Joe Schilling: I think it started out as bad blood. The more you talk about it and the more interviews you do, it turns into just selling the fight.
Gerry Rodriguez: Lion Fight Promotions is making an aggressive push to really give more exposure to the sport. What do you think it will take for Muay Thai to catch on in the states?
Joe Schilling: We’ve been having this conversation for years now. The sport is catching on and we’ve seen a lot of growth in the last two years. There’s a lot of momentum and Lions Fight is doing a lot of promoting to make it grow and they’ve done a great job.
Gerry Rodriguez: What about fighting inside a cage? Do you think that could make it more appealing to people? How would that affect the fighters?
Joe Schilling: I don’t think it really works. I don’t think crossing MMA and Muay Thai works. I think it’s a bad idea. Honestly I think the cage doesn’t even work in MMA. If you go to a UFC fight most people are looking up on the big screen. I don’t think it would it make such a big impact. You would only get the fans that don’t understand the sport anyways.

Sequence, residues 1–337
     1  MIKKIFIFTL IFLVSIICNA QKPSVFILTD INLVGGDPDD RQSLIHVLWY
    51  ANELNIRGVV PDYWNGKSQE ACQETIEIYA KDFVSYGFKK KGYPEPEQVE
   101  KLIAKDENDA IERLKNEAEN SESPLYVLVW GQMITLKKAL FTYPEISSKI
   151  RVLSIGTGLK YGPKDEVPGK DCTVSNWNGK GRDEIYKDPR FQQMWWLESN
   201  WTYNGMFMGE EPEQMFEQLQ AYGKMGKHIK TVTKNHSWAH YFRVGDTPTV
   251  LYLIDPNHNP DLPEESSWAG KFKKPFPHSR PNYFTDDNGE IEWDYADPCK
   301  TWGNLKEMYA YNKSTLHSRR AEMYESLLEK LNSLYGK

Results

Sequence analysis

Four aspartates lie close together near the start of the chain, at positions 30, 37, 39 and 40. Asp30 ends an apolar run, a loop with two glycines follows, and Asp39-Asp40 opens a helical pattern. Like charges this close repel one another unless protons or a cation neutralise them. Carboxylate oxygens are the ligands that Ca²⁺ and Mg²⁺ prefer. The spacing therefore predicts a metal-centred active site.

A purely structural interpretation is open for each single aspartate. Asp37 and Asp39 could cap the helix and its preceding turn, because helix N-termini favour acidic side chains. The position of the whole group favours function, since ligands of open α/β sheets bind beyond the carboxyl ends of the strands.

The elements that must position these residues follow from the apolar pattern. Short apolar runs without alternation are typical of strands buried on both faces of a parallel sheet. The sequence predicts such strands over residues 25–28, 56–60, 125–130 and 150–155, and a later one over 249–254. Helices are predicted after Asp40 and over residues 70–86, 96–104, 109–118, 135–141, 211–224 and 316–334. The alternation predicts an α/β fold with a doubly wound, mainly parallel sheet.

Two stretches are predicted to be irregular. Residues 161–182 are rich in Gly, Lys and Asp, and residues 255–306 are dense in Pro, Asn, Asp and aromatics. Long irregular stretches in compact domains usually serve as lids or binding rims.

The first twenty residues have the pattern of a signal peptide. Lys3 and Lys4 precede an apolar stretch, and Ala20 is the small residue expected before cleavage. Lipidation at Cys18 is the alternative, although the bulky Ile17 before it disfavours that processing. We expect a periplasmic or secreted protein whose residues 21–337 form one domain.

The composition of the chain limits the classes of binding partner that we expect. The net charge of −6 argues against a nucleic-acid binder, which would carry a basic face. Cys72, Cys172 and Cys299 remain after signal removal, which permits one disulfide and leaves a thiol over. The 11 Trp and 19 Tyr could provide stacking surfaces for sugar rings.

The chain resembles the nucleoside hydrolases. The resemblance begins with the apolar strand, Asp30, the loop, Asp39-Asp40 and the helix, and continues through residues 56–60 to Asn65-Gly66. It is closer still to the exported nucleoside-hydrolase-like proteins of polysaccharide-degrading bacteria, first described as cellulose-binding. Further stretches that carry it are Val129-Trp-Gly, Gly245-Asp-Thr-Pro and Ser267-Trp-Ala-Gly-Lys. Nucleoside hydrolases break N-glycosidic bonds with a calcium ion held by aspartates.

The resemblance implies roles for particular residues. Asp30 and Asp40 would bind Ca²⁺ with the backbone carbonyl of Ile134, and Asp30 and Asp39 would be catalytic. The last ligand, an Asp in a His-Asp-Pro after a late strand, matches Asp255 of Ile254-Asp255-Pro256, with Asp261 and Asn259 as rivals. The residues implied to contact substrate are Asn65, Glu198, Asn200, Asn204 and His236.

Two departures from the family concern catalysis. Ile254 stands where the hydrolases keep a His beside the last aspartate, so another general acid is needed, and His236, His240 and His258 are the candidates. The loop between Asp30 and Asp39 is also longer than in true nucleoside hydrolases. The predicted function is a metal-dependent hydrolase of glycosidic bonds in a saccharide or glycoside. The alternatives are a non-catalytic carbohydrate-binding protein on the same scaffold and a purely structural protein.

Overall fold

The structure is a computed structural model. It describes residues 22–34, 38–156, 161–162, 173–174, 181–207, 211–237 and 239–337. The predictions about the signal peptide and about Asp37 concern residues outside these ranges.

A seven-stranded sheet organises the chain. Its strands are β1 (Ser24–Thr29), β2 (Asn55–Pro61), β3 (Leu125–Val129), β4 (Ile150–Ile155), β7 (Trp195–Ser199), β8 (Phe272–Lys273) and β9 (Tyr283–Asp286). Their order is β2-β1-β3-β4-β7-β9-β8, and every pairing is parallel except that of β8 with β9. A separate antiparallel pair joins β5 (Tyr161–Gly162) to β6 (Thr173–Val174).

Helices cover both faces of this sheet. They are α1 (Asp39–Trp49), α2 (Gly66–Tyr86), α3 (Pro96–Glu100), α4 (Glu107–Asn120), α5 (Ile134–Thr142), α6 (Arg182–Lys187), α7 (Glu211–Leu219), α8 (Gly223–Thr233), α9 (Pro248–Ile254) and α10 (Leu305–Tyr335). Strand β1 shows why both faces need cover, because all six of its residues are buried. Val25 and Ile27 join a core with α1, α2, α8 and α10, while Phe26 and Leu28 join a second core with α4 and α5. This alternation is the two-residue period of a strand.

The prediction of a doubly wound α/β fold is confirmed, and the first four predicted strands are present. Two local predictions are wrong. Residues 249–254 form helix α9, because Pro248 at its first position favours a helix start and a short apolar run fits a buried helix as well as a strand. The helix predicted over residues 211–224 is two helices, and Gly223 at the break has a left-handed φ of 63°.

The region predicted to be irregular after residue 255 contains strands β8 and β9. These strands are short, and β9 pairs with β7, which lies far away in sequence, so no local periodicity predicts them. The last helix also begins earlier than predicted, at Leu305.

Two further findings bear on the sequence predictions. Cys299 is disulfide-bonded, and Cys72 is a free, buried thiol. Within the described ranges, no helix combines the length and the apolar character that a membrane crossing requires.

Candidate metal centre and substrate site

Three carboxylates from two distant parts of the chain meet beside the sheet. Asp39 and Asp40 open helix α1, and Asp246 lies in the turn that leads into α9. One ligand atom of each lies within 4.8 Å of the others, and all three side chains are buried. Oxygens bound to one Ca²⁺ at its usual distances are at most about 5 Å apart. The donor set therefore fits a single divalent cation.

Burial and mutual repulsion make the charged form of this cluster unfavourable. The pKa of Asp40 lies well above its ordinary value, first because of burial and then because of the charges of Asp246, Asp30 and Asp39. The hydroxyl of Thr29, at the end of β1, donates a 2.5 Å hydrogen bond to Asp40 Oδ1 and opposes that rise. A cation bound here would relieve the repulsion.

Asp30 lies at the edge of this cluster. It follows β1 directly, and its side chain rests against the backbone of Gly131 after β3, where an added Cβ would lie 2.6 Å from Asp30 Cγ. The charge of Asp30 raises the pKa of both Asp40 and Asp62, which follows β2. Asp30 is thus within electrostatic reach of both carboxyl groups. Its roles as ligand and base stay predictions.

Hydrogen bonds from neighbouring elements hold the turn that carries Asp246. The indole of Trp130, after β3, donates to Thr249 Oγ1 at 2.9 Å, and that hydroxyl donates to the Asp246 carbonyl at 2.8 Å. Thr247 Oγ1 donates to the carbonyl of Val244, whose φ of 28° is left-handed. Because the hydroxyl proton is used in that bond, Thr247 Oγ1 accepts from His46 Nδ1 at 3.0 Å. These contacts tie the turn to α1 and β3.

Gerry Rodriguez: I read when you were 17yrs old; you started competing in Tough Man competitions. Can you tell me what that was like?
Joe Schilling: It’s kind of funny. My first Tough Man contest was at a bar. I was really excited that I was 17 and going to be in a bar. When I walked up and gave my $20 dollar to sign up, they didn’t check my ID so I was really excited that I got to fight and then hang out at a bar.
Gerry Rodriguez: Is there a fight from that time in your life that you feel really accomplished about?
Joe Schilling: My first fight. I’m a pretty lean guy now. But I was really skin kid. In the Tough Man they don’t really have weight classes. I fought a guy called “The Bad Rooper”. He was a redneck from Ohio. I was pretty nervous about that one. I went out there swinging and hit him with a right hand to the body and he quit right away.
Gerry Rodriguez: Getting back to your upcoming fight with Simon Marcu. How does a training camp for Muay Thai differ? Is there any weight cutting involved
Joe Schilling: Weight cutting is a big factor. Fight camps are pretty consisted pretty much every time. I have a fight and then have a month break in between. The first few weeks are all about strength training and as the fight gets closer you work on cardio and conditioning. My camps typically last 8 to 9 weeks.